As Two Ships: American State & Local Economic Development

Has State and Local Economic Development Lost its Ability to Innovate? Can We Practice what We Preach?

Written on February 3, 2018 at 5:48 pm, by

We are at a pivotal point in our history that compels a thoughtful assessment of ED strategies (innovation in particular) and reevaluation of America as an actor in global politics and soon-to-be second-largest economy. The post-WWII Age has exhausted itself. Transition into a new world era has major implications for how we conduct state and local economic development. “Can We Talk?” The Journal expands its mission in March to include a FREE online introduction to the History of American State and Local ED.

Use Three Wave History at Your Peril: Rediscovering Past American State and Local Economic Development

Written on September 18, 2017 at 2:31 pm, by

American state & local economic development enjoys a long and meaningful history yet is largely unknown to economic developers. Why? Our professional past has been collapsed into vaporous and ideological-laden “Three Waves”. Three Wave history polarizes and misinforms us about our three hundred year heritage/professional experience.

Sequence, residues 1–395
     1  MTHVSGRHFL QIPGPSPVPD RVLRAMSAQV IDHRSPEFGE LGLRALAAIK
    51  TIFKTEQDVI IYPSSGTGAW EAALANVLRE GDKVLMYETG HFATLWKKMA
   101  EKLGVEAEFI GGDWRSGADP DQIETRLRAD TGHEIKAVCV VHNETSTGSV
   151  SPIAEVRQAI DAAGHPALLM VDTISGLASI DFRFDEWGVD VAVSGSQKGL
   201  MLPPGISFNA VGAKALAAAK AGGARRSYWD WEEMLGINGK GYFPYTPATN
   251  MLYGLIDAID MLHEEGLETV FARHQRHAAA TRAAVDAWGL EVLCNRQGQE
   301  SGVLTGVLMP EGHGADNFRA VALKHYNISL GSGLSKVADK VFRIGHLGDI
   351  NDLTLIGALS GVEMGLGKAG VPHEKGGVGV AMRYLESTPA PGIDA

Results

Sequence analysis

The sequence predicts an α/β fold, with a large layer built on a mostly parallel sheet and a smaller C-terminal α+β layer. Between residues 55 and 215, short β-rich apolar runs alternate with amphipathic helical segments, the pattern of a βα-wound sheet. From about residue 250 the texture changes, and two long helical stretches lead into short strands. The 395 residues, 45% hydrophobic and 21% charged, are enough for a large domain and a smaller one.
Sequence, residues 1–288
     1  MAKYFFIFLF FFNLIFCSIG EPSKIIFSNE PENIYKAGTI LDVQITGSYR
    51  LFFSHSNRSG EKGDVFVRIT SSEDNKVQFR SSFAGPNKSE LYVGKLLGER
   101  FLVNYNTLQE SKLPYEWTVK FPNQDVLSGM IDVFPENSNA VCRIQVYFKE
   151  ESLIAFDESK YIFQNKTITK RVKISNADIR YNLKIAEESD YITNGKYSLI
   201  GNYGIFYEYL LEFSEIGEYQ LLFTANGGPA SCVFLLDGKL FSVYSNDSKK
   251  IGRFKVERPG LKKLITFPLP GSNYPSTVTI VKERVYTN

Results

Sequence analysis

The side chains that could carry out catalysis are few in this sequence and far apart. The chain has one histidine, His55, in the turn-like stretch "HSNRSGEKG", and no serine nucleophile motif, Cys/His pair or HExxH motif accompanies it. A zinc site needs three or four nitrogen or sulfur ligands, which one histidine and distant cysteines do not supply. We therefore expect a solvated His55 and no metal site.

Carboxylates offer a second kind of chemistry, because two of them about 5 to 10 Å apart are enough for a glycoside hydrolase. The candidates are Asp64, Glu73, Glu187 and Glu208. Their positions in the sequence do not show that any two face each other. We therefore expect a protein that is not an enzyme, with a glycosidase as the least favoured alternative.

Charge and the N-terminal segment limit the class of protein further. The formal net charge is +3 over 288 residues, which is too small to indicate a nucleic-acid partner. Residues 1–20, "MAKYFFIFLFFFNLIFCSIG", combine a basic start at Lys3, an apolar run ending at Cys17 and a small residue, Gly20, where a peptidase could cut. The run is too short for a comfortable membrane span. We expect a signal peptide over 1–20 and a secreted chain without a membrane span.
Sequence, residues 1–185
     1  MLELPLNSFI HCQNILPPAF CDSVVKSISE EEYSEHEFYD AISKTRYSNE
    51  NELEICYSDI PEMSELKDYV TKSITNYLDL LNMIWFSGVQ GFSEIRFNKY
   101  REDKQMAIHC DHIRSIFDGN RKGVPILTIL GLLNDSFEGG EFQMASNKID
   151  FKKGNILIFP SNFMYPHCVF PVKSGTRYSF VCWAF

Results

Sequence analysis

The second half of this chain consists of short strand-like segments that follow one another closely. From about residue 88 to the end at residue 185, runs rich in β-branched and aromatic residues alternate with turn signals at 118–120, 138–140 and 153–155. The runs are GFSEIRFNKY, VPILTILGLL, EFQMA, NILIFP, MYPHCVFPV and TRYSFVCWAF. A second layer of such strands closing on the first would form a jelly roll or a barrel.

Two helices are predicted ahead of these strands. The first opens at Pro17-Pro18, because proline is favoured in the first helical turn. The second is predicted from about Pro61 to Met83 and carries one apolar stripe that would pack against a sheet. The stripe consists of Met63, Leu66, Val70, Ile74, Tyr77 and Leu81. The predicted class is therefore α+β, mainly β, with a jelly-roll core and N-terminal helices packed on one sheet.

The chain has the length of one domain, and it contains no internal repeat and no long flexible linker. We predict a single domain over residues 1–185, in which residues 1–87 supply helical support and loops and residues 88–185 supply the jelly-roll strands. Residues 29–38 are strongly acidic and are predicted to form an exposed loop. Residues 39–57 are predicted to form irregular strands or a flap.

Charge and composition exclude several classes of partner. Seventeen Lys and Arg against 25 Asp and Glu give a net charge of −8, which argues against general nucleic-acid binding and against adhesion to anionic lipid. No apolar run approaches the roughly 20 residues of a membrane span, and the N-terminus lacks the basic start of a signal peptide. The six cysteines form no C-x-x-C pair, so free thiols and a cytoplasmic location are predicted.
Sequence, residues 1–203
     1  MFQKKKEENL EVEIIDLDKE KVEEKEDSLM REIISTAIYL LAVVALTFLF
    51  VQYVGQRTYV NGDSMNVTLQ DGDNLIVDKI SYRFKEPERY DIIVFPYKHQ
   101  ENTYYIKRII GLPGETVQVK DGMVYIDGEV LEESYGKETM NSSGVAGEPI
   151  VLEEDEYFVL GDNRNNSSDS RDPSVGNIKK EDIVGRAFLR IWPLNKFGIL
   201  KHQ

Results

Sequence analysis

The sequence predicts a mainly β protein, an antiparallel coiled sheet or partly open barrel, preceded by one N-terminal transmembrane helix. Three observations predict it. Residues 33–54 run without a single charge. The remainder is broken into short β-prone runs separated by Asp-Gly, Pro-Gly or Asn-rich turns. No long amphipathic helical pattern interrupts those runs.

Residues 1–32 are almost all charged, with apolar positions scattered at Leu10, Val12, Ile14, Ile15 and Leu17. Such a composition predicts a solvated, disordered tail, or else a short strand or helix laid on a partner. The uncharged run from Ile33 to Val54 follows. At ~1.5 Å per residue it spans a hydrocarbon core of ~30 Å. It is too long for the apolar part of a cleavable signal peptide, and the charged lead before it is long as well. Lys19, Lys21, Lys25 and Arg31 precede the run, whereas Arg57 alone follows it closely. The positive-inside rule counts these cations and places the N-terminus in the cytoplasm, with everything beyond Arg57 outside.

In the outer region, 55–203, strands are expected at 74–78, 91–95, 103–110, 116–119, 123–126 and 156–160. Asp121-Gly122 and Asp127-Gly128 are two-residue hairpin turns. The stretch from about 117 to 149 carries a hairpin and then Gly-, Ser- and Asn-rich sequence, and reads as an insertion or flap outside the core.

Isn’t it time we discover who we are as a profession?
The Four Eras of American state & local ED are an excellent start to appreciating the value of our professional history.

As Two Ships: the History of American State and Local Economic Development Since 1789 to the 1980’s

Written on May 23, 2017 at 3:40 pm, by

American state and local economic development (ED) has been around since Day One (1789) of the American Republic. My recently-published “History of American State and Local Economic Development, 1789-1990: As Two Ships Pass in the Night” (As Two Ships) presents our historical evolution from George Washington to 1990—all 752 pages of it.
Future issues of the Journal will present observations drawn from As Two Ships along with additional insight and applied to current affairs. These observations will provide a base to rethink one’s ideas regarding the history–and purpose–of American state and local economic development. They can open you to new ways on how to approach your job, research, and your profession.

This issue will discuss the core fundamentals of my history and also will introduce what the “Chapter One Model” and the two approaches, Community Development and Mainstream ED–our Two Ships–that bisect our profession.